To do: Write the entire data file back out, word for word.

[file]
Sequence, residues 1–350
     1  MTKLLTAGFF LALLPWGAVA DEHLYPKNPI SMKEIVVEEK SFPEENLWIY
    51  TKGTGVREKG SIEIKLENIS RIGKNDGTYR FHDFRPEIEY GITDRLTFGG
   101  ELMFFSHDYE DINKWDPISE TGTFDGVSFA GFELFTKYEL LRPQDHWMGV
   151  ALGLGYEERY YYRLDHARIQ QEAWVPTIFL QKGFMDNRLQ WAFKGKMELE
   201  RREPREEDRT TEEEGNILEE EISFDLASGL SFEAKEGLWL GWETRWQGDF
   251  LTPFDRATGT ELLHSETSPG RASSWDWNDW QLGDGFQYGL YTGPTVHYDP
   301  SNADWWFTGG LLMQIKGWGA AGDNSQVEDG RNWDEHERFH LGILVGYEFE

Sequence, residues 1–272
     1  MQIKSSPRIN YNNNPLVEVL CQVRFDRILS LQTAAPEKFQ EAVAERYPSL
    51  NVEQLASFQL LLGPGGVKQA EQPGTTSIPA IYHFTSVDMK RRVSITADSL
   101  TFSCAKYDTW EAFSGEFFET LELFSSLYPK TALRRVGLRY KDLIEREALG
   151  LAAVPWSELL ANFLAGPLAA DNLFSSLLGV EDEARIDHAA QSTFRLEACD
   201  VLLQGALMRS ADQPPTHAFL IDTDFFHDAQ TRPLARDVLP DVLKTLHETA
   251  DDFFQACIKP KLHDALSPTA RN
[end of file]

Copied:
Sequence, residues 1–350
     1  MTKLLTAGFF LALLPWGAVA DEHLYPKNPI SMKEIVVEEK SFPEENLWIY
    51  TKGTGVREKG SIEIKLENIS RIGKNDGTYR FHDFRPEIEY GITDRLTFGG
   101  ELMFFSHDYE DINKWDPISE TGTFDGVSFA GFELFTKYEL LRPQDHWMGV
   151  ALGLGYEERY YYRLDHARIQ QEAWVPTIFL QKGFMDNRLQ WAFKGKMELE
   201  RREPREEDRT TEEEGNILEE EISFDLASGL SFEAKEGLWL GWETRWQGDF
   251  LTPFDRATGT ELLHSETSPG RASSWDWNDW QLGDGFQYGL YTGPTVHYDP
   301  SNADWWFTGG LLMQIKGWGA AGDNSQVEDG RNWDEHERFH LGILVGYEFE

Sequence, residues 1–272
     1  MQIKSSPRIN YNNNPLVEVL CQVRFDRILS LQTAAPEKFQ EAVAERYPSL
    51  NVEQLASFQL LLGPGGVKQA EQPGTTSIPA IYHFTSVDMK RRVSITADSL
   101  TFSCAKYDTW EAFSGEFFET LELFSSLYPK TALRRVGLRY KDLIEREALG
   151  LAAVPWSELL ANFLAGPLAA DNLFSSLLGV EDEARIDHAA QSTFRLEACD
   201  VLLQGALMRS ADQPPTHAFL IDTDFFHDAQ TRPLARDVLP DVLKTLHETA
   251  DDFFQACIKP KLHDALSPTA RN